Many of the more than 2,300 migrant children separated from their parents at the United States-Mexico border in recent weeks under the Trump administration's “zero tolerance” policy are being relocated to temporary shelters around the country.
Dayton immigrant advocates tell WYSO, at least so far, none have arrived in the Miami Valley.
The federal Department of Health and Human Services oversees a system of more than 100 shelters in 17 states designed to provide temporary housing for unaccompanied migrant children, typically children who enter the country alone.
Children who enter the country with a parent or caregiver but are separated at the border are then considered unaccompanied and eligible for shelter in such designated Unaccompanied Alien Children or UAC facilities.
No such facilites are known to be located in Ohio. But Ohio may receive separated migrant children down the road if a relative sponsor happens to live in the state, says Jessica Ramos, a Dayton attorney with the firm Advocates for Basic Legal Equality.
She says she and many other legal experts are coordinating in an effort to track the movements of families separated at the Southwest U.S. border.
“Because it is a very complex system and children or parents can be shipped to detention facilities anywhere in the country, and so we’re definitely going to be keep an eye out to make sure that the children are reunited with their parents and that everyone is given their fair shot in applying for asylum or whatever the case may be,” she says.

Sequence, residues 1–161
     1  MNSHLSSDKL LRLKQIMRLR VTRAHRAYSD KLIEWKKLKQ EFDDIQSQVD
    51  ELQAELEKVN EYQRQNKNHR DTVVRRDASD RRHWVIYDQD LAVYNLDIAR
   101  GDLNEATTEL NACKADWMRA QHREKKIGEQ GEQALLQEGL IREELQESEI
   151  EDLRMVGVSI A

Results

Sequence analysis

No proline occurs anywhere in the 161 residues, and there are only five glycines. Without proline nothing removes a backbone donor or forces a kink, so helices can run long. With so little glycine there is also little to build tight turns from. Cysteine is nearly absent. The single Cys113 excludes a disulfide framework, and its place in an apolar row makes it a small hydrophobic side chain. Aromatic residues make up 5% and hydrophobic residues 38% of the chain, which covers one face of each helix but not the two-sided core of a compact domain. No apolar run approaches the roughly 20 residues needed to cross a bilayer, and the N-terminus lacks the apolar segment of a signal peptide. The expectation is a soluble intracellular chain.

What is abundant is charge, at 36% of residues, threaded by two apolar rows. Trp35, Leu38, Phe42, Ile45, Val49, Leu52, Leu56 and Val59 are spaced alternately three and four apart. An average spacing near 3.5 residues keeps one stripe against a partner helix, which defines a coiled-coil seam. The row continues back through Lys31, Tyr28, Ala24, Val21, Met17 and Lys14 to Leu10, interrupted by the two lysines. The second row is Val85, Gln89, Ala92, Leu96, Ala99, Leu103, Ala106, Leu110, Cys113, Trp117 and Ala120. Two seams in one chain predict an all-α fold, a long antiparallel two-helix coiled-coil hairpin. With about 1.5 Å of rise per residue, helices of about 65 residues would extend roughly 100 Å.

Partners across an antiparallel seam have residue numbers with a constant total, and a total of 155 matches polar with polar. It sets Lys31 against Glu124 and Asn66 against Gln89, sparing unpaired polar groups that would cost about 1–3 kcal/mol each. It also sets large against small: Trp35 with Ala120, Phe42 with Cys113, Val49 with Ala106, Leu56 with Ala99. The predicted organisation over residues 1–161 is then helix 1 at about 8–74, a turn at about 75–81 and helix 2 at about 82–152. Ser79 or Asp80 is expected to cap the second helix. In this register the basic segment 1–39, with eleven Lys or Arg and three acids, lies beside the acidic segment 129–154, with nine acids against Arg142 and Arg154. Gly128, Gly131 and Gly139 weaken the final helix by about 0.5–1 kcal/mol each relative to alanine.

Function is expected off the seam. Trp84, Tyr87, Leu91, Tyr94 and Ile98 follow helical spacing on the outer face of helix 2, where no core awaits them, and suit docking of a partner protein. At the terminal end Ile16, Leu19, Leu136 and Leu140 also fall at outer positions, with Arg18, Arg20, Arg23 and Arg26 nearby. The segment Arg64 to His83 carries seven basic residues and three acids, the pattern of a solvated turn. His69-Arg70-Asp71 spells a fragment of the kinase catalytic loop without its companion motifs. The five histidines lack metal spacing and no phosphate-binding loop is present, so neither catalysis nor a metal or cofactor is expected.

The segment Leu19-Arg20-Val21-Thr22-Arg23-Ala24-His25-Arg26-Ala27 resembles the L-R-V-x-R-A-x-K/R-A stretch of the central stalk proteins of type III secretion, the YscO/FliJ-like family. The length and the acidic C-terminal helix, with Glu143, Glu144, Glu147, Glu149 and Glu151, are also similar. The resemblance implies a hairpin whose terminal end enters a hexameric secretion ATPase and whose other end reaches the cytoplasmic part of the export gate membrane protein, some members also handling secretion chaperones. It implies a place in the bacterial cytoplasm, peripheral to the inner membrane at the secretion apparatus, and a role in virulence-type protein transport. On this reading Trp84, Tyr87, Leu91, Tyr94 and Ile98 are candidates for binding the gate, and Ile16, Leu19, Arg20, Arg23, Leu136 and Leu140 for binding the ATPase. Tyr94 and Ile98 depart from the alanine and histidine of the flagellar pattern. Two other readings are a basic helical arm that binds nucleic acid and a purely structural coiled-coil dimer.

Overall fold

Ramos notes crossing the U.S. border illegally is considered a misdemeanor under federal law.
President Donald Trump recently signed an executive order to end border separations and detain families together when, “appropriate and consistent with law and available resources.”
Ramos says reuniting the large numbers of children already removed from their parents is likely to take weeks, months or longer.
Immigrant-rights advocate Gabriela Pickett, one of the community organizers behind a "Families Belong Together" sister protest rally planned for Courthouse Square Saturday, June 30, says she's created a Dayton "rapid response team" to assist anyone affected by family separations who may be relocated to the Dayton area.
She says the group typically mobilizes to connect any Miami Valley undocumented immigrants affected by Immigration and Customs Enforcement raids with legal services.
The Associated Press reports ICE announced it may seek up to 15,000 beds to hold immigrant families, more than four times as many beds the AP reports the agency currently has available at family detention facilities.
A court order limits the detention of immigrant children to no more than 20 days, a ruling NPR News reports the Trump administration is seeking to modify in order to allow it to hold families for more than 20 days, or until their asylum petition is heard, and to shelter families in facilities that are not state licensed, as currently mandated.
Read more about the fast-evolving situation along the Southern U.S. border.